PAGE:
I was 23 when I first left my country. The first time to be away from my family, the first time to travel to Europe, my adventure. I could still remember that day when they all took me to the airport, my parents, siblings, grandparents, aunts and uncles, cousins, friends – quite disheartening, actually. I was sad to leave them, but at the same time, looking forward to my journey.
A week after I’ve arrived in France, it started snowing. I couldn’t believe my eyes; the whole world was blanketed in white! It was so incredibly gorgeous and perfect, no footsteps in it, just lumps and bumps where plants sat in the gardens and cars entirely covered in snow. I was mesmerised. As soon as I’ve felt its powdery texture, I thought to myself, “This was the White Christmas people were dreaming about.” I couldn’t imagine that just a week ago, from sweltering morning – traffic starting to build up in Manila. The noise of cars, taxis, motorcycles, vans and jeepneys beeping and honking, children going to school and adults to work, street vendors selling taho (soya) or peanuts. Such a difference! A normal hectic day in Manila compared to a peaceful, snowy one in France.
Four years later, I was returning to the Philippines. I have lived in Switzerland, Germany and the United States. I worked as a Secretary to the Ambassador of Ethiopia at the United Nations Office in Geneva. I did the English correspondence and dealt with his appointments. It was a great diplomatic experience. Then I went to Germany to do some laboratory training. I’ve got my Chemistry degree from the Philippines, so I was able to get a 6-month training at BASF, Ludwigshafen. There, I met Him Indoors, who was also doing some training. Action and reaction, love happened and we were sad to part ways after the training. I went to Los Angeles, California, USA and he went back to the UK to finish his Chemistry degree. In the summer, he visited me in Los Angeles and we decided to get married. That was the reason I was returning to the Philippines – to tell my parents that we were getting married.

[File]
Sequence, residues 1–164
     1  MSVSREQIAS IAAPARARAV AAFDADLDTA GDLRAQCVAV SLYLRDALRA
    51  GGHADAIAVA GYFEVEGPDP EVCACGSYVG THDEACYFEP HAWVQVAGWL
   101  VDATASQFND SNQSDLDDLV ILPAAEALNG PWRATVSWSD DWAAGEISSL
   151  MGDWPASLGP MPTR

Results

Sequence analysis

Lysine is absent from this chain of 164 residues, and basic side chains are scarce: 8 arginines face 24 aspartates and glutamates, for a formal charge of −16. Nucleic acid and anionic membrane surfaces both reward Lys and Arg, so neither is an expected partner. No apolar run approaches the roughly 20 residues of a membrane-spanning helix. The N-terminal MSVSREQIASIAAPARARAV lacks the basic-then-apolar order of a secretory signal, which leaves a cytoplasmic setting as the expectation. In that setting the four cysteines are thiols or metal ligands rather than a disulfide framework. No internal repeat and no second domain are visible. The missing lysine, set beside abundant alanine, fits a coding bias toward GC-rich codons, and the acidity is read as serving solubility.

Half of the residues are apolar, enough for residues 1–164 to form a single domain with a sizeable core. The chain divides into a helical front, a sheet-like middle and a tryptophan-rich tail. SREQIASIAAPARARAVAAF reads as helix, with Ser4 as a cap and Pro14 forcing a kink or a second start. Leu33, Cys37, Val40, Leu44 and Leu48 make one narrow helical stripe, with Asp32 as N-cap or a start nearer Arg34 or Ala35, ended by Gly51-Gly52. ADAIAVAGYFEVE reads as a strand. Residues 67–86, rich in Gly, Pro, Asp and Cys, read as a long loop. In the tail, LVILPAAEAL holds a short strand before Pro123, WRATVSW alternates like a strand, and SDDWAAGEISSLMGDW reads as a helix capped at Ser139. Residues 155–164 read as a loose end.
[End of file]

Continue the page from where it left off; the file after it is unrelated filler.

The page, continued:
The EDSA Revolution of 1986 in the Philippines. I was part of the crowd – a bizarre mixture of people coming and going in every direction, military tanks and cannons with their soldiers greeted with flowers and food, burning tires, activist flags and streamers, vendors selling their wares, vehicles parked everywhere and some beeping their horns, portable radios, foreign correspondents and religious altars. Strangers flashed wide grins at each other. People were marching, praying, crying and singing all at the same time. It was one of nonviolent protests that led to the departure of the then President Marcos and the re-establishment of the country’s democracy. I was there. I wanted to make a difference. I was part of that history.
We got married on the nicest day of June (it was the only weekend it didn’t rain, thank God) in the UK. We prepared a big fish (baked) with mayonnaise, red and green peppers, chopped carrots on top. I also cooked spring rolls with sweet and sour sauce and other Filipino dishes. Him Indoor’s mother baked the cake, and did the other dishes. We prepared before hand, so we used the fridges of their neighbours to store them. My cousin from Germany and her husband came and she was my Maid of Honour. She wore a Royal Blue Dress. I wore a creamish dress from the Philippines, made of pineapple fibre, like silk. It was exquisite! Him Indoors wore a dark blue suit, with his great grandfather’s pocket watch. We got married in the Register Office, which was a magnificent timber building and the oldest building in the country. It was so romantic!
Four years later, Him Indoors was accepted to work in Bavaria so we moved here. It was a new place for both of us, not knowing that we would be still here after 25 years. HRH the son was born here and he considers Bavaria as his home. We’re happy here – we have the mountains to hike or ski in the winter, and the lakes, beer gardens and parks to walk or cycle in the summer. It was just the right size for us, not too big a city and not too little a village. We have a terrace house and a garden. When HRH the son was born, I decided to stay at home and looked after him. We did lots of things together, from toddler groups, music school, kindergarden, school, etc. I volunteered to work as one of the librarians in their library. When he was 10, I started thinking about going back to work. I did some training, a Master’s in English Language Teaching. Now, I’m a freelance English trainer/teacher. And so, my journey continues.